Cape Town - The sudden transfer of two Western Cape major generals - Jeremy Vearey and Peter Jacobs - was reminiscent of the days when apartheid police never had to explain themselves, the Labour Court in Cape Town heard on Thursday.
"What was done to Jacobs and Vearey in regard to their transfer was unfair," said Advocate Michael Donen, on behalf of the Police and Prisons Civil Rights Union (Popcru), which is supporting their court challenge.
"Nowhere in the papers do the [SA Police Service] explain or even attempt to explain how or why the reorganisation and the replacement of Jacobs and Vearey would have had the slightest positive effect."
Vearey, former deputy provincial commissioner for detective services, and Jacobs, who headed the Western Cape's Crime Intelligence unit, were effectively demoted in June 2016.
Vearey was shifted to a position he had previously filled - commander of the Cape Town cluster of police stations - while Jacobs was appointed as Wynberg cluster commander.
They are challenging this in the Labour Court.
"What do the [SA Police Service] say? 'Trust us, it's in the interests of the service.' And that's their favourite phrase," said Donan on Wednesday, in an application to have the transfers reviewed.
"But we say, in 2017, the court cannot trust SAPS unless they put up proper evidence for their justification, and there is simply none on record," Donen told Judge Hilary Rabkin-Naicker.
He said it reminded him of when anti-apartheid activist Janet Cherry was detained without trial in 1987.
When the minister of police at the time was asked for reasons for her detention, her lawyers were told that "she was teaching trade unionists to read".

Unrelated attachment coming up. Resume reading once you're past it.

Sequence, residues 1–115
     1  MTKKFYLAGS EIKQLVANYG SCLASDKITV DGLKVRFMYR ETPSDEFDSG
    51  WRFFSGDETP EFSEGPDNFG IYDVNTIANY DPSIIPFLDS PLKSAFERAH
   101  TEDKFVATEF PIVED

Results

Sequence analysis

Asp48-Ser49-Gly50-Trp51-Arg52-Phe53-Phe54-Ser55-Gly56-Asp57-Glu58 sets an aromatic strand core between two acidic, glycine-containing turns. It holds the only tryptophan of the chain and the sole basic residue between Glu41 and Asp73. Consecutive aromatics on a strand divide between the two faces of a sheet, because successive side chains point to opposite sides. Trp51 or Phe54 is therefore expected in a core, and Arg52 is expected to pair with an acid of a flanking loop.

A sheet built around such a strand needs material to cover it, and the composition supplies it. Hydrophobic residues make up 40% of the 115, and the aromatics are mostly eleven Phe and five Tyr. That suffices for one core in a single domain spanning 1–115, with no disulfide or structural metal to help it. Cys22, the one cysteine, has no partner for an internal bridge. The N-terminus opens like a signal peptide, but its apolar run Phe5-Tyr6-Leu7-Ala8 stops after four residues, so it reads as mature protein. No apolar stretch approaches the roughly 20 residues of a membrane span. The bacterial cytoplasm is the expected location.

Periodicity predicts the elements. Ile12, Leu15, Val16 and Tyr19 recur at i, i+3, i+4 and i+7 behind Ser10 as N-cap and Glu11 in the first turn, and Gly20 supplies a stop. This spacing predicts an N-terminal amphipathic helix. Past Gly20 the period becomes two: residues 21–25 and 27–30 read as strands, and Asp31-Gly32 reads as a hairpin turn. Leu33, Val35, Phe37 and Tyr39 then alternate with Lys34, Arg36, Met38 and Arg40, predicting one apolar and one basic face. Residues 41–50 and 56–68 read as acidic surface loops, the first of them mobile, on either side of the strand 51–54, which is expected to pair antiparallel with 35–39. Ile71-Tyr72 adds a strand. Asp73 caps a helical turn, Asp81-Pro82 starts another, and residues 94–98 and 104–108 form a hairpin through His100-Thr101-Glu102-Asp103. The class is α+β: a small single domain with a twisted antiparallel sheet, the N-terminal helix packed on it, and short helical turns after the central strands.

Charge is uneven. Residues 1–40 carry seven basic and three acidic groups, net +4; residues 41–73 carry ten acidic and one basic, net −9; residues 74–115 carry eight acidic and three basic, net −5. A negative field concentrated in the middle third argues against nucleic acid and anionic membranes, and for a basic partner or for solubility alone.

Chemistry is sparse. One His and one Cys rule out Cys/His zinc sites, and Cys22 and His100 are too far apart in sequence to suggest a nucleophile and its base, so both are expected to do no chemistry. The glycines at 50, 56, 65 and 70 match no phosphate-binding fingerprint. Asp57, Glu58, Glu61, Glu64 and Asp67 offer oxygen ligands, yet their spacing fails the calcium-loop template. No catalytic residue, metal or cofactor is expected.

Her lawyers applied for her release on the grounds of the unreasonableness of her detention, but then were suddenly given another reason.
"The affidavit said the real reason for her detention without trial was that she was a dangerous terrorist and that it was necessary to detain her to prevent the Eastern Cape from going up in revolutionary flames.
"It would never be fair if they could get away with this kind of technique [again]," submitted Donan.
He said that Vearey and Jacobs had been informed verbally of their transfer on June 23, 2016.
Then there was a plenary where a presentation on the restructuring of the SAPS in the province was made, and after that they were given letters confirming their transfers.
Donan said the police had alleged that the national crime problem, the high level of violence and gang-related activity had needed to be addressed, and that service delivery needs would not be met if the two officers were not transferred.
"So, their response to the high level of violence and high level of gang activity in the Western Cape was to transfer them to posts where they would cease to deal with gangs.
"This was entirely irrational."
There was no record or minutes of the meeting where they were informed, he said.
"Then, as now, the State ignored their individual rights and claimed the interests of the State was the supreme law," said Donen.
'Framed for murder'
Popcru provincial secretary Mncedisi Mbolekwa said, on the side-lines, that the case was important to its members because, in terms of the law, there were processes and timelines relating to transfers.
This case would also affect the union's collective agreement with the SAPS.
No other issues have been raised yet, but Vearey has previously alleged to News24 that he is being framed for the murder of a high profile gang leader in 2016.
He feels it is also connected to the role he played in having gang boss Rashied Staggie arrested and convicted for rape more than a decade ago.
Major-General Mzwandile Tiyo was reappointed the head of provincial crime intelligence to replace Jacobs. He had previously been the acting head of the Western Cape's Crime Intelligence Unit.
News24 reported previously that he has also gone to the Labour Court over allegedly being victimised for having investigated the province's former police commissioner, Arno Lamoer.
Tiyo believed that, in January 2014, Lamoer allegedly blocked him from becoming the province's crime intelligence head.
Lamoer went on to be arrested and Tiyo was appointed as provincial crime intelligence head.
Lamoer is on trial, along with four other senior police officers and a local businessman, in the Western Cape High Court on charges of corruption and racketeering
Vearey and Jacobs's application for a review of their transfers continues.